Artist Antonio Garcia on Capitalism, Self-Discovery and Staying Sane During COVID-19

In the face of the pandemic, the 24-year-old artist offers a distinct political message grounded in knowledge and spirituality

By AIDAN LANE

Antonio Garcia stands with his art display in a subway station
Antonio Garcia presenting his work in the 14th Street subway station. He is there every day, selling his art and talking with passerby. (AIDAN LANE)

Visual street artist Antonio Garcia is standing by the turnstile at the Eighth Avenue and 14th Street subway talking with a middle-aged woman about one of his pieces. A few other commuters peer at the swirling colors laid along the station wall. Sporting his custom-made mask and pink sweatshirt, Garcia pulls off his cap to reveal his neon-green hair. Garcia is here every day; a small folding table overflows with his 8.5-by-5.5-inch works while his larger pieces line the wall of the station.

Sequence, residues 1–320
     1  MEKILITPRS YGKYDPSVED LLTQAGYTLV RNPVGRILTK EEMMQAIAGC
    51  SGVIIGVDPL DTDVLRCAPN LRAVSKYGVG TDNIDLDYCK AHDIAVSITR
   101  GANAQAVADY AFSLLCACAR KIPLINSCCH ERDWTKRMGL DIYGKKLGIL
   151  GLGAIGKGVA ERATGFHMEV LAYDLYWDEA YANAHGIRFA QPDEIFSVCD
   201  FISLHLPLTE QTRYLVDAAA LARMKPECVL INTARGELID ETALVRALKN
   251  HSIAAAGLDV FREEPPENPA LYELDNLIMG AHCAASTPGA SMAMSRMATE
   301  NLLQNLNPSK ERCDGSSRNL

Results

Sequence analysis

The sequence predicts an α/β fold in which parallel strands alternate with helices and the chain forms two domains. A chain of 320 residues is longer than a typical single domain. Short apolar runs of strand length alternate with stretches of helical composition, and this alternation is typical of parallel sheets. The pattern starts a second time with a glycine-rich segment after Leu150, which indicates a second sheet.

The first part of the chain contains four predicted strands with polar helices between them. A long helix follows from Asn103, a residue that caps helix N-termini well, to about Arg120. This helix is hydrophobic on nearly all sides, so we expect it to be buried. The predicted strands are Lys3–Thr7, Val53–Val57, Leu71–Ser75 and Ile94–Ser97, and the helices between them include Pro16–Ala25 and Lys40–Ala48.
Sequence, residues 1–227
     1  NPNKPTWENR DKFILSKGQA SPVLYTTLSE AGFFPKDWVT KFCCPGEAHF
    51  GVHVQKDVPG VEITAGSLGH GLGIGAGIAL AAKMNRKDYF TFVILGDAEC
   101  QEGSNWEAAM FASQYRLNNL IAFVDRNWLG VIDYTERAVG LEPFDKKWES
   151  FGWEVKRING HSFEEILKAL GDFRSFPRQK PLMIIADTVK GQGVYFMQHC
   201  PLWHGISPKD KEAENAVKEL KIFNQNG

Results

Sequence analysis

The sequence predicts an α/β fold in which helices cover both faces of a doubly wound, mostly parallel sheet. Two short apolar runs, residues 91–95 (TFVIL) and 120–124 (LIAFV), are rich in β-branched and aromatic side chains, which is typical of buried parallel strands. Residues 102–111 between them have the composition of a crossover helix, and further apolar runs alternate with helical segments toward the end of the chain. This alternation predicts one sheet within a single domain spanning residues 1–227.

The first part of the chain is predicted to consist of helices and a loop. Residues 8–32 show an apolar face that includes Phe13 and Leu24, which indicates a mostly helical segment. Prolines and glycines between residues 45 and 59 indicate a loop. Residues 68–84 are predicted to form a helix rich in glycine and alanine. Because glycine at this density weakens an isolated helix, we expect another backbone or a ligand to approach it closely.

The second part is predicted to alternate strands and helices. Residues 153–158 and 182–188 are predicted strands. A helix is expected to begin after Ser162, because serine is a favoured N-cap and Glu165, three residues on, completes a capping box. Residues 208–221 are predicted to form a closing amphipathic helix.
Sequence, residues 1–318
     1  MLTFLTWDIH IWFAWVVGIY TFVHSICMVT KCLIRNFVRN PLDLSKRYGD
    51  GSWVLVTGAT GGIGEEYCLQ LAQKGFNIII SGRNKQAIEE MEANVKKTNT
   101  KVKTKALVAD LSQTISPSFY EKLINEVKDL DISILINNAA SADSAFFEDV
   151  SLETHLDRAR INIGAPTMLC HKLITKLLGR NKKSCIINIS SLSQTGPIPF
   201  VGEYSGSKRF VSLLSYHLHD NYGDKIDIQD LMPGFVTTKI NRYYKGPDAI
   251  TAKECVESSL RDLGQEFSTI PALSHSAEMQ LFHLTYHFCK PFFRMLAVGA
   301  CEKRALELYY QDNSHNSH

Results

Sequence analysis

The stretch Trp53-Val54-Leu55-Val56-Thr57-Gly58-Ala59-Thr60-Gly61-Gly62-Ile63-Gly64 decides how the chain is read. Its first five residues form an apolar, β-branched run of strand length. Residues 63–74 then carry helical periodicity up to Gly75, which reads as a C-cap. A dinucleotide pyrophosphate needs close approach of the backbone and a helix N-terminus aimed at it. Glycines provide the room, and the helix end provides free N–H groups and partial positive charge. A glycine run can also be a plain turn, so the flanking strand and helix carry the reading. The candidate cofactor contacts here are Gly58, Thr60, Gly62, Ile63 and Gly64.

Meeting the Artist

The last time I saw Garcia was in Washington Square Park the night the election was called for Joe Biden. His warm expression and the exploding colors of his artwork exemplified the loving and unifying spirit of that celebratory day in November. I waited for him to finish talking to his “customers,” faces strange and familiar which he greeted with equal kindness. 

“Life is a rise and fall,” he said about how he has been during the ongoing pandemic. “I’m just coping right now and making a lot of art. I feel very blessed, very appreciative for all that I have right now… to be out here doing this.”

Life During the Pandemic

He told me he lost his uncle to COVID-19 a few weeks ago. While it’s been hard, he chose to remember his uncle for the man he was and the positivity he brought to his family. To honor his uncle, Garcia now lives by the phrase “we die once but live every day.”

Antonio Garcia artwork reading "Its not always about depression and anxiety, sometimes you just" and a drawing of a sad cat face
AIDAN LANE